Nov. 4, 1998
Voters Support Campaign Finance Reform Candidates
Major State Campaign Money Reform Initiatives Win
While campaign spending soared to new heights in yesterday?s off-year Congressional elections, keeping most incumbents in office, the most dramatic election results proved that the urgent issue of campaign finance reform, stalled by a Senate filibuster last September, can be a critical factor.
“The soft money spectacular of the 2000 presidential election is on the launch pad,” said Public Citizen President Joan Claybrook. “The new Congress should read yesterday?s political tea leaves correctly, stop its stalling, and take prompt action to end our system of legalized bribery.”
Voters in North Carolina rejected Republican Sen. Lauch Faircloth, who had been dubbed “Senator for Sale” by Forbes Magazine, in favor of Democrat John Edwards, a self-described “populist” who refused campaign contributions from lobbyists and political action committees. Among key issues in Edwards? campaign were Faircloth?s opposition to the right to sue health maintenance organizations (HMOs) for failure to provide necessary care and the contributions he received (including hundreds of thousands of dollars worth of sham issue ads) from managed care interests.
In New York, political observers attributed Republican Sen. Alfonse D?Amato?s defeat largely to his stained ethics record, including his many political favors for big campaign contributors, and his opposition to campaign finance reform. Exit polls indicated nearly two-thirds of voters did not consider D?Amato “honest or trustworthy.” D?Amato?s opponent — Democratic Rep. Charles Schumer– emphasized his strong support for legislation to ban unlimited contributions of soft money to political parties and unlimited spending on campaign ads masquerading as “issue ads.”
And in Wisconsin, Democratic Sen. Russell Feingold — a lead sponsor of bipartisan campaign finance reform legislation in the Senate — made reform a major issue by boldly rejecting outside Democratic Party and interest group financial support (particularly soft money and phony issue ads). Despite this unilateral disarmament in the face of an estimated barrage of $2 million in outside Republican Party assistance to challenger Rep. Mark Neumann — about 50 percent more than what Feingold and Neumann had previously agreed to spend — Feingold prevailed. Sen. Mitch McConnell (R-KY), the leading Senate opponent of campaign finance reform and head of the Republican Senate Campaign Committee, had long predicted Feingold?s demise.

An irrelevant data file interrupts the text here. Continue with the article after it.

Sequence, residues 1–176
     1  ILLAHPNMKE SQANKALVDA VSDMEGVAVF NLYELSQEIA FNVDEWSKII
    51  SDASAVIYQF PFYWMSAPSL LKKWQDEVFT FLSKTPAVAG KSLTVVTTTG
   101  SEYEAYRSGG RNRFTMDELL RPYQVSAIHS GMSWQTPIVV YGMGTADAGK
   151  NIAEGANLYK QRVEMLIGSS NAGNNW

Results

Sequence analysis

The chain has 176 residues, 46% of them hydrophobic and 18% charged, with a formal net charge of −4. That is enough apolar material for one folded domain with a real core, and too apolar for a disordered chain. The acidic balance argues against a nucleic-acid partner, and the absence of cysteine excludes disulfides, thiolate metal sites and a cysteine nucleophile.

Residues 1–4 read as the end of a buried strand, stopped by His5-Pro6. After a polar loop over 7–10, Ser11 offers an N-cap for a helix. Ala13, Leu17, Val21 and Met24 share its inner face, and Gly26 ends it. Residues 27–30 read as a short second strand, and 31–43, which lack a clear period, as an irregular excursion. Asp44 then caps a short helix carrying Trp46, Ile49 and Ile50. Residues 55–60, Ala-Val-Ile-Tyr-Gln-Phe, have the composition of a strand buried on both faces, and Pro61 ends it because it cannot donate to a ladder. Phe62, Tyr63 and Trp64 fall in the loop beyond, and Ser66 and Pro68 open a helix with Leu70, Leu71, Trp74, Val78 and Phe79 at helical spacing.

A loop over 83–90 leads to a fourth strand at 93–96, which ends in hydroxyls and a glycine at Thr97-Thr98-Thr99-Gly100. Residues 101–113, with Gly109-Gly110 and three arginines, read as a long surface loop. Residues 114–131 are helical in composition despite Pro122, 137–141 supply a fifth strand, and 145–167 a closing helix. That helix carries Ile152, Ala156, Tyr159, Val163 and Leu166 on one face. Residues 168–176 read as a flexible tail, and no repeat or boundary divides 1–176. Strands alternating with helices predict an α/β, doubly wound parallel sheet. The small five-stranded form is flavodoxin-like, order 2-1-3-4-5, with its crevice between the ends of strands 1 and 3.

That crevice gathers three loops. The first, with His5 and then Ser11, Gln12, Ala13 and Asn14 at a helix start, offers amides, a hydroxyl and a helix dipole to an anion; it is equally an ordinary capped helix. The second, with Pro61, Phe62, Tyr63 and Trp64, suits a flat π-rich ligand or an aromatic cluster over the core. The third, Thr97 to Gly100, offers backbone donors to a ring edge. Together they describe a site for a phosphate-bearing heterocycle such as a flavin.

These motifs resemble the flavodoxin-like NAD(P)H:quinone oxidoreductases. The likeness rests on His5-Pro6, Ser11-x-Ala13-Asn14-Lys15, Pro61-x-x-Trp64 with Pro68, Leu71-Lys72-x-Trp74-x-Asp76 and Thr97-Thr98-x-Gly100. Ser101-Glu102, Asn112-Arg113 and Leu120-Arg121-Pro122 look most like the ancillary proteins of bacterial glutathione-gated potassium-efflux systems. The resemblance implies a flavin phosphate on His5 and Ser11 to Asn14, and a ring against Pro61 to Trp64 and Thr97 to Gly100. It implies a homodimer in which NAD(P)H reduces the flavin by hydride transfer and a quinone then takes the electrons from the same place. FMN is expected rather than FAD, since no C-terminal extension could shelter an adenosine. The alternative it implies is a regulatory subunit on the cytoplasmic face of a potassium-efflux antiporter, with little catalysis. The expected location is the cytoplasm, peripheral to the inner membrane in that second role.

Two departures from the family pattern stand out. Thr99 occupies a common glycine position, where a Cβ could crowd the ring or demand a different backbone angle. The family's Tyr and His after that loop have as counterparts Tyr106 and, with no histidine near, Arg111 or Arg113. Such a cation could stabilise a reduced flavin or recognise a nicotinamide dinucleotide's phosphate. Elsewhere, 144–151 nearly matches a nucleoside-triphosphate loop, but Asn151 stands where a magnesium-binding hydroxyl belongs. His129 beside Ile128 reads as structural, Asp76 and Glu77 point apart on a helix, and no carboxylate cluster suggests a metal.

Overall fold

In his home state, McConnell and the state Republican Party threw all the money they could to defeat Democratic Rep. Scotty Baesler, a leading House campaign reformer who ran for the open Senate seat in Kentucky. However, McConnell?s prot?g?, Republican Rep. Jim Bunning, won by scarcely more than 5,000 votes out of more than 1.1 million cast in a campaign noted for its bitter personal attacks.
Last but not least, victories for comprehensive state reform initiatives in relatively liberal Massachusetts and relatively conservative Arizona show that, when given the chance to replace corrupting large private campaign contributions with public financing, Americans of all political stripes choose meaningful reform. Arizona and Massachusetts now join Maine and Vermont where similar “clean money” reforms have passed in recent years.
CHART: Comparing soft and hard money contributions to political parties and contributions to candidates in the?1998 congressional election and in the previous midterm election of 1994.